We are in presence of the contradiction of a style of living which cultivates sincerity and is at the same time a fraud. There is truth only in an existence which feels its acts as irrevocably necessary. There exists today no politician who feels the inevitableness of his policy, and the more extreme his attitudes, the more frivolous, the less inspired by destiny they are. The only life with its roots fixed in earth, the only autochthonous life, is that which is made of inevitable acts. All the rest, all that it is in our power to take or to leave or to exchange for something else, is mere falsification of life. Life today is the fruit of an interregnum, of an empty space between two organizations of historical rule — that which was, that which is to be. For this reason it is essentially provisional. Men do not know what institutions to serve in truth; women do not know what type of men they in truth prefer.
The European cannot live unless embarked upon some great unifying enterprise. When this is lacking, he becomes degraded, grows slack, his soul is paralyzed. We have a commencement of this before our eyes today. The groups which up to today have been known as nations arrived about a century ago at their highest point of expansion. Nothing more can be done with them except lead them to a higher evolution. They are now mere past accumulating all around Europe, weighing it down, imprisoning it. With more vital freedom than ever, we feel that we cannot breathe the air within our nations, because it is confined air. What was before a nation open to all the winds of heaven, has turned into something provincial, an enclosing space.

Corneliu Zelea Codreanu Foto
John Wycliffe Foto

„Already a third and more of England is in the hands of the Pope. There cannot be two temporal sovereigns in one country; either Edward is King or Urban is king. We make our choice. We accept Edward of England and refute Urban of Rome.“

—  John Wycliffe English theologian and early dissident in the Roman Catholic Church

Quoted in William Tyndale: If God Spare My Life — Martyrdom, Betrayal and the English Bible (2003) by Brian Moynahan, p. xvii

Jacob Bronowski Foto
Miranda July Foto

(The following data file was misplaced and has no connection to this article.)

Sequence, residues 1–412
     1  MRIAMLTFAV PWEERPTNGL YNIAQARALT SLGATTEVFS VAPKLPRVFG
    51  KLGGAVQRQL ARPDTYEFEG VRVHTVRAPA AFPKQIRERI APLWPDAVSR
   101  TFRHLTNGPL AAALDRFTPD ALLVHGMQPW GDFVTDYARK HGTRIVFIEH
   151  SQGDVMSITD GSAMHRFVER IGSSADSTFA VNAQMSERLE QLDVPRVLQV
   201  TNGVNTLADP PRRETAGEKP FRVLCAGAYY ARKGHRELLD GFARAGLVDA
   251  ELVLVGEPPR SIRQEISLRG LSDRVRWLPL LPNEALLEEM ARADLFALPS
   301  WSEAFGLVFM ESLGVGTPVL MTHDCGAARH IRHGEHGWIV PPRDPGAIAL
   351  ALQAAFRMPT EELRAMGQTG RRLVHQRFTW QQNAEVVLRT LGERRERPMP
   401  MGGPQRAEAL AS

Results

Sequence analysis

Leon Trotsky Foto

„A slave-owner who through cunning and violence shackles a slave in chains, and a slave who through cunning or violence breaks the chains“

—  Leon Trotsky Marxist revolutionary from Russia 1879 - 1940

Their Morals and Ours (1938)
Kontext: (On the American Civil War) "History has different yardsticks for the cruelty of the Northerners and the cruelty of the Southerners in the Civil War. A slave-owner who through cunning and violence shackles a slave in chains, and a slave who through cunning or violence breaks the chains – let not the contemptible eunuchs tell us that they are equals before a court of morality!"

Benjamin Franklin King, Jr. Foto

„Nothing to breathe but air
Quick as a flash 'tis gone;
Nowhere to fall but off,
Nowhere to stand but on.“

—  Benjamin Franklin King, Jr. American humorist and poet 1857 - 1894

"The Pessimist," http://books.google.com/books?id=nfUaAAAAYAAJ&q=%22Nothing+to+breathe+but+air+Quick+as+a+flash%22+%22gone+Nowhere+to+fall+but+off+Nowhere+to+stand+but+on%22&pg=PA225#v=onepage first published as "The Sum of Life" in the Chicago Mail, c. January 1893 http://books.google.com/books?id=RCgTAAAAYAAJ&q=%22Nothing+to+breathe+but+air+Quick+as+a+flash+tis+gone+Nowhere+to+fall+but+off+Nowhere+to+stand+but+on%22&pg=PA48#v=onepage.

„By our rules we cannot receive a letter from a friend.“

—  Sir John Bayley, 1st Baronet British judge 1763 - 1841

1 St. Tr. (N. S.) 515.
King v. Knowles (1820)